Therapeutic erythrocytapheresis versus phlebotomy in the initial treatment of hereditary hemochromatosis - A pilot study

E. Rombout Sestrienkova*, P.A. van Noord, Cees Th.B.M. van Deursen, B.J. Sybesma, A.E. Nillesen Meertens, G.H. Koek

*Corresponding author for this work

Research output: Contribution to journalArticleAcademicpeer-review


Hereditary Hemochromatosis (HH) is a genetic disorder of iron metabolism, resulting in excessive iron overload. Currently, phlebotomy is the standard effective treatment that prevents progression of tissue damage. Aim of the therapy is to reach ferritin levels between 20 and 50mugl(-1). In patients with total iron stores of more than 30g, intensive treatment by means of weekly phlebotomies during 2-3 years is required to reach this aim. More recently mechanical removal of erythrocytes through therapeutic erythrocytapheresis (TE) has become a new therapeutic modality. By means of TE, up to 1000ml erythrocytes per session can be removed, depending on patient characteristics, compared to 250ml erythrocytes per phlebotomy. Thus, TE potentially offers a more efficient method of removing iron overload with less procedures in a shorter treatment period. In a pilot study between 2002 and 2005, results from a group of HH patients treated with TE (N=6) were compared to the results of a historical control group of HH patients (N=6) treated with phlebotomy. The results showed a reduction of almost 70% in both the total number and the duration of treatments in the TE group. Although, the procedure costs compared on the basis of a single TE session were higher, the total costs for the whole treatment were comparable or cheaper with the use of TE. Future prospective studies are needed to compare both therapies in a randomized setting.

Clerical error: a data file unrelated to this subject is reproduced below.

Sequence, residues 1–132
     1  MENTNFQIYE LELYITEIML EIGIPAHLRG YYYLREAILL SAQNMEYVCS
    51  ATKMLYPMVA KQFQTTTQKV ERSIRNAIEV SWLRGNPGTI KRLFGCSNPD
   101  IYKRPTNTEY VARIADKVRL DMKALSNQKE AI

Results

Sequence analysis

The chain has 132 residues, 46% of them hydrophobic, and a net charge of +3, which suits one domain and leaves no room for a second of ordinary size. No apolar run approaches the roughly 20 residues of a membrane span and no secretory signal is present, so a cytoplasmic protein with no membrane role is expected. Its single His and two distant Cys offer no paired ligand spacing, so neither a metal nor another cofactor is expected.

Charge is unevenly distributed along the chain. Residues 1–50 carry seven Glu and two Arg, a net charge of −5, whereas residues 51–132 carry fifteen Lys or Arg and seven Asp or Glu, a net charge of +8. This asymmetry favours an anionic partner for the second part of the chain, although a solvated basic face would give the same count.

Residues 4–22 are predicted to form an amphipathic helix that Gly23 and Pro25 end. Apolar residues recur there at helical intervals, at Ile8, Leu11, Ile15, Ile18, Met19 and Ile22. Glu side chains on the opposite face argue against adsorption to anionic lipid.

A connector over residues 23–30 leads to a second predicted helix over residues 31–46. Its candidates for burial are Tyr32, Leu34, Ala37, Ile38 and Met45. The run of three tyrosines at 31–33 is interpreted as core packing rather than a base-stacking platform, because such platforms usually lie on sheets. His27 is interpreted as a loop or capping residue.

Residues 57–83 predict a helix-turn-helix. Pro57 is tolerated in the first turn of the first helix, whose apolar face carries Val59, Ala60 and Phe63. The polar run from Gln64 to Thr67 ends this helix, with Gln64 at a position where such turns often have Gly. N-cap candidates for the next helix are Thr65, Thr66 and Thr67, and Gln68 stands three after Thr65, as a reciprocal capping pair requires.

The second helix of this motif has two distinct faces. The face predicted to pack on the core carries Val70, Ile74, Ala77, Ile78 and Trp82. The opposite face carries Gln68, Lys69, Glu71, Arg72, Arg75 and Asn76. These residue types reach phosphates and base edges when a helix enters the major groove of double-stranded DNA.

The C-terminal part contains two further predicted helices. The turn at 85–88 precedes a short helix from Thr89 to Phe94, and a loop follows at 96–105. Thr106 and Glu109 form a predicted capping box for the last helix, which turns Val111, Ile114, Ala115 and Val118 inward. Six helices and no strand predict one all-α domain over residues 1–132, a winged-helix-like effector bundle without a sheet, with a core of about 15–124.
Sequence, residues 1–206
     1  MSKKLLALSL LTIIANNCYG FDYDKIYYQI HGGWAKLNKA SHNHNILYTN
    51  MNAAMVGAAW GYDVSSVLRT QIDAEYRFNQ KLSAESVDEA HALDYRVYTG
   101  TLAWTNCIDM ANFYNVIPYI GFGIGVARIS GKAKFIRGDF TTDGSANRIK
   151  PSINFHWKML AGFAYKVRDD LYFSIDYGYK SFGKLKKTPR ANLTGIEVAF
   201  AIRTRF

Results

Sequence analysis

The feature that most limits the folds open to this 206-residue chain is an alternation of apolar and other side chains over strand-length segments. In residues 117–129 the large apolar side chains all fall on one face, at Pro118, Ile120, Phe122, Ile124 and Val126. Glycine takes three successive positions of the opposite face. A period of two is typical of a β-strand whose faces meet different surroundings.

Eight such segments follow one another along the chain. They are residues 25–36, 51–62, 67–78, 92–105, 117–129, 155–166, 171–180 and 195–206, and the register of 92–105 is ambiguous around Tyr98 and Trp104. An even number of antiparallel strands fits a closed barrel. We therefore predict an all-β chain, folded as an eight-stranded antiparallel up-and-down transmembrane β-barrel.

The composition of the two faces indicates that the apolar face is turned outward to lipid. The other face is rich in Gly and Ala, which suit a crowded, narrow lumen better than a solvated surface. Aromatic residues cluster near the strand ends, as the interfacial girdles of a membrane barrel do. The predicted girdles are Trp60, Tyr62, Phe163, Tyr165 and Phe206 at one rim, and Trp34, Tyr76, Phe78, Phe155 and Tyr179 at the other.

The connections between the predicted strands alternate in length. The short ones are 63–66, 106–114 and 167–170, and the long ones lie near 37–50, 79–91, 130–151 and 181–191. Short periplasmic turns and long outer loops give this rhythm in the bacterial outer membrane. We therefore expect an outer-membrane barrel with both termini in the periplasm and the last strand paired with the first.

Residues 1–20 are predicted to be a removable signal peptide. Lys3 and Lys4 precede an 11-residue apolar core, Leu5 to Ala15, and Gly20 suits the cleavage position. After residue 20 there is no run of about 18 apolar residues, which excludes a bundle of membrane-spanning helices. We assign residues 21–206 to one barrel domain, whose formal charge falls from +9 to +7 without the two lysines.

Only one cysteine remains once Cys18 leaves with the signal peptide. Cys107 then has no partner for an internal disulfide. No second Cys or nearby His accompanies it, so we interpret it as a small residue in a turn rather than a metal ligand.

Original languageEnglish
Pages (from-to)261-267
JournalTransfusion and Apheresis Science
Issue number3
Publication statusPublished - 1 Jan 2007


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